“Neighbourhood compatibility” is one of the criteria for assessing a building proposal in Halifax. As noted in a previous editorial, a new development in the Quinpool Road area must be “in keeping with the scale and character of the adjacent residential neighbourhoods.” The Armco and Westwood projects for Robie and Quinpool clearly don’t do this, so let’s not kid ourselves that stepping down from 29 storeys to two storeys constitutes neighbourhood compatibility.
With that out of the way, let’s consider the opposite: Why might a developer aim for neighbourhood incompatibility? Why might a building want to stand out from everything around it? Without consulting a psychiatrist to explain this disorder, we can detect some clues in the size and form of these proposed buildings. Have you noticed that they resemble trophies?
A trophy – whether it’s for a sports championship, an ugly dog competition, a bowling tournament, or an auto race – symbolizes the genetics, skill, and/or hard work of the winner. Something notable was achieved on a particular day. It also symbolizes that the other competitors were defeated. A trophy is fine as a fetish object on the day of competition, but due to its excessive height and ostentatious design, most of us wouldn’t want to keep it in our living room.
When a developer asks city hall to waive municipal regulations (on building height, density, setbacks, etc.) and award the right to erect a trophy-building in an existing neighbourhood, an immediate multi-million-dollar profit is anticipated, but what else is going on? If the program of the building is ordinary (residential apartments, for example), monumentality isn’t warranted, so what other reasons could there be? Does the building indicate that the developer has achieved something notable and deserves a trophy? No, that can’t be right, as it’s harder to make a collegial building than to stack floors into a trophy-building. Is the trophy-building a monument to the developer’s wealth and status in the city? Perhaps. Does it also symbolize that the developer defeated the local residents who opposed it and the smaller developers who were squeezed out? Yes – but surely that’s not an achievement to be proud of.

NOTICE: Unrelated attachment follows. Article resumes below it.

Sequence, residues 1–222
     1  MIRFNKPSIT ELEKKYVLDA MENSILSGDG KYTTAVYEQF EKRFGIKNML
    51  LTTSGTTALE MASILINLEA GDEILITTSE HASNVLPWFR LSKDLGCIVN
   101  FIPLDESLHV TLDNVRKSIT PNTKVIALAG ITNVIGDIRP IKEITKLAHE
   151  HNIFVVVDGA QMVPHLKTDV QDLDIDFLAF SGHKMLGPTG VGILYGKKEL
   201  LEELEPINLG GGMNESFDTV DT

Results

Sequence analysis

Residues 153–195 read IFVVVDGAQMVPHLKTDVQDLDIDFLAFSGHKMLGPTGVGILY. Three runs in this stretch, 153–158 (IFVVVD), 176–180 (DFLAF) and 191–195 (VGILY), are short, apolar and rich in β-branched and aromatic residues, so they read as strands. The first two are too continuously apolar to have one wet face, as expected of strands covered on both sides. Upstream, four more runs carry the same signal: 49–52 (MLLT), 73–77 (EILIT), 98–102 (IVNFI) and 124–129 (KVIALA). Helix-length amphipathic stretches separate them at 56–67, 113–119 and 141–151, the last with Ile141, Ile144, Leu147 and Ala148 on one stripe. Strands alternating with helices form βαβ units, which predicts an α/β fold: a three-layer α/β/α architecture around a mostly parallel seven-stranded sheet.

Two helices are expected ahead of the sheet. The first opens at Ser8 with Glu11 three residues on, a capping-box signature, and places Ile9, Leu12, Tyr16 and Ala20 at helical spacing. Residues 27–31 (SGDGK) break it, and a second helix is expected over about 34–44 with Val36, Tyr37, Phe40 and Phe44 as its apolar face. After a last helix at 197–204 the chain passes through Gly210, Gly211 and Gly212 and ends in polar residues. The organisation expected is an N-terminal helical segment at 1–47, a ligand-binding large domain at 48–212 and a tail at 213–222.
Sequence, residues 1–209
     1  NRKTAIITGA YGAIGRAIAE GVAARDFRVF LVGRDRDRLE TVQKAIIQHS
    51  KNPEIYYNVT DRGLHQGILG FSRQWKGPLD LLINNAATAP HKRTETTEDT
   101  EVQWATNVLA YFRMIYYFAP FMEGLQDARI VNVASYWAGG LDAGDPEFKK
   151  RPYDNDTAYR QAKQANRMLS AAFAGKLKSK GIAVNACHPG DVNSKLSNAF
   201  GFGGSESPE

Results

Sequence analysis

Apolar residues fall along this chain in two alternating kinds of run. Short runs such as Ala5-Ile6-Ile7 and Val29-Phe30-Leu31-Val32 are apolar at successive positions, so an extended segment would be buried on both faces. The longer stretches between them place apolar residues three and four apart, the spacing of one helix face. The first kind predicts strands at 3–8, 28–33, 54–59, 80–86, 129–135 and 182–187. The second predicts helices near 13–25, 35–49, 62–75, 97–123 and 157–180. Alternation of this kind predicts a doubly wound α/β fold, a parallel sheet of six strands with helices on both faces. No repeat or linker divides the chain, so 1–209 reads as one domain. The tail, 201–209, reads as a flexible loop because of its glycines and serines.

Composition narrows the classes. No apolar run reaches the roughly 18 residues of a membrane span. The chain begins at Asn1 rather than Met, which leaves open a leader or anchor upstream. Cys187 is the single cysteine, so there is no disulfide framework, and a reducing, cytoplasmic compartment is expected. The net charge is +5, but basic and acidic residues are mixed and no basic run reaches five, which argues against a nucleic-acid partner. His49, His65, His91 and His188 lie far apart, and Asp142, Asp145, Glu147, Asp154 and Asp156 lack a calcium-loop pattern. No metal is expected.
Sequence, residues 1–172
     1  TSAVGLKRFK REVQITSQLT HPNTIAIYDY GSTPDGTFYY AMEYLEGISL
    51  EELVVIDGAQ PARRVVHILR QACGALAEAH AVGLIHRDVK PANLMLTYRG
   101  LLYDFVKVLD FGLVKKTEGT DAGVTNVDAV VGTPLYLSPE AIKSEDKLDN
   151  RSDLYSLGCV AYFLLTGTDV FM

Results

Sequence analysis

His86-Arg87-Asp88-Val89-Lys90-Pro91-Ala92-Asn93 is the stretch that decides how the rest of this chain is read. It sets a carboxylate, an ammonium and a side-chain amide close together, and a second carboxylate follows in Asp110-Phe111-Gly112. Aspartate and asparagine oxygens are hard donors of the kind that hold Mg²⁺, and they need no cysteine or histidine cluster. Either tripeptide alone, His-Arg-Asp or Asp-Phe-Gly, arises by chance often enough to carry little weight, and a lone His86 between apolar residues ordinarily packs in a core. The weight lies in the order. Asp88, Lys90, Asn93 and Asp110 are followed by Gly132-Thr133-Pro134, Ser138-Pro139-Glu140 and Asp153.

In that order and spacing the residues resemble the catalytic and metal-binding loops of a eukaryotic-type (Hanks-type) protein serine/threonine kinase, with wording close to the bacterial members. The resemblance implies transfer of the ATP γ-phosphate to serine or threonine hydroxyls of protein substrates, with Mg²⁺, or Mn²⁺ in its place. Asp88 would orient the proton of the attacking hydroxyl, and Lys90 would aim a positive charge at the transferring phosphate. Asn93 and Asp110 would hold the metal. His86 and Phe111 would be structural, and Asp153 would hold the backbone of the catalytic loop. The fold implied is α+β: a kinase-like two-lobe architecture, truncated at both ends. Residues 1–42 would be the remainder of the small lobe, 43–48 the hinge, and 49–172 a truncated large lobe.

Beyond the developer, does the trophy-building symbolize something momentous that happened on this site? That’s doubtful, as trophy-buildings tend to be located where developers happen to own land, so post-facto stories – such as Armco’s fable about a city gate with a willow tree next to it – seem laughably hollow.
Why would Regional Council go out of its way to waive municipal regulations and approve a trophy-building? Surely it’s not just to increase density on the peninsula; that can’t be the only reason. Is it a self-congratulatory gesture to help Halifax compete with other cities for tallest buildings and most trophies? Hopefully not. Trying to boost your self-esteem by awarding a trophy to yourself would be pathetic.
If, as a supposedly smart city, we’re serious about neighbourhood compatibility, a first step would be to recognize these proposed trophy-buildings for what they are: a desire to be incompatible. Along with their other urban problems, their size and form symbolize dubious values and negative relationships. Neighbourhood development shouldn’t be a competition with winners and losers. It shouldn’t anticipate glamour shots in the media on opening day. Good developers are quite capable of making collegial buildings that complement existing neighbourhoods (and generate a reasonable profit over time), rather than treating those neighbourhoods as a trophy base.
Because buildings last much longer than a day of celebration and can’t be packed away in an attic or garage, let’s not confuse them with trophies. To illustrate the superficial resemblance – but also the underlying differences – here are a few trophies from events around the world and a few more trophy-buildings proposed for Halifax.
Some trophy-hunters, however, do like to keep “trophies” in their living room.
Steve Parcell / 19 Jan. 2016